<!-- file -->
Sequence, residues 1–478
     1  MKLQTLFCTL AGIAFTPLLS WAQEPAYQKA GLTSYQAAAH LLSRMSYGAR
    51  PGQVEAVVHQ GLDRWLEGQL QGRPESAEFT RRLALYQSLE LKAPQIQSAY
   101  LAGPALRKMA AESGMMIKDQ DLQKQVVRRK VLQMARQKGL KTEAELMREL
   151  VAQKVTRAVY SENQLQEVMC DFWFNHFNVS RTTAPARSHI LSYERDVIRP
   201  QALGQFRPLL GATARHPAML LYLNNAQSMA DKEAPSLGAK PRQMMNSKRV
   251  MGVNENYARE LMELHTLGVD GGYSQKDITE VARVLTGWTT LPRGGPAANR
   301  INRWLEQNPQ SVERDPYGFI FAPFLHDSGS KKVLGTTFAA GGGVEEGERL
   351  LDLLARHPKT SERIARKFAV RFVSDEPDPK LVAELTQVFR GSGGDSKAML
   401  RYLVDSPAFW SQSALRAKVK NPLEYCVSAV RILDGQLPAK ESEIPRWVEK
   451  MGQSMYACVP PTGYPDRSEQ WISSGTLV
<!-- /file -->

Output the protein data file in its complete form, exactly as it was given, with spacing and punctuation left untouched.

Sequence, residues 1–478
     1  MKLQTLFCTL AGIAFTPLLS WAQEPAYQKA GLTSYQAAAH LLSRMSYGAR
    51  PGQVEAVVHQ GLDRWLEGQL QGRPESAEFT RRLALYQSLE LKAPQIQSAY
   101  LAGPALRKMA AESGMMIKDQ DLQKQVVRRK VLQMARQKGL KTEAELMREL
   151  VAQKVTRAVY SENQLQEVMC DFWFNHFNVS RTTAPARSHI LSYERDVIRP
   201  QALGQFRPLL GATARHPAML LYLNNAQSMA DKEAPSLGAK PRQMMNSKRV
   251  MGVNENYARE LMELHTLGVD GGYSQKDITE VARVLTGWTT LPRGGPAANR
   301  INRWLEQNPQ SVERDPYGFI FAPFLHDSGS KKVLGTTFAA GGGVEEGERL
   351  LDLLARHPKT SERIARKFAV RFVSDEPDPK LVAELTQVFR GSGGDSKAML
   401  RYLVDSPAFW SQSALRAKVK NPLEYCVSAV RILDGQLPAK ESEIPRWVEK
   451  MGQSMYACVP PTGYPDRSEQ WISSGTLV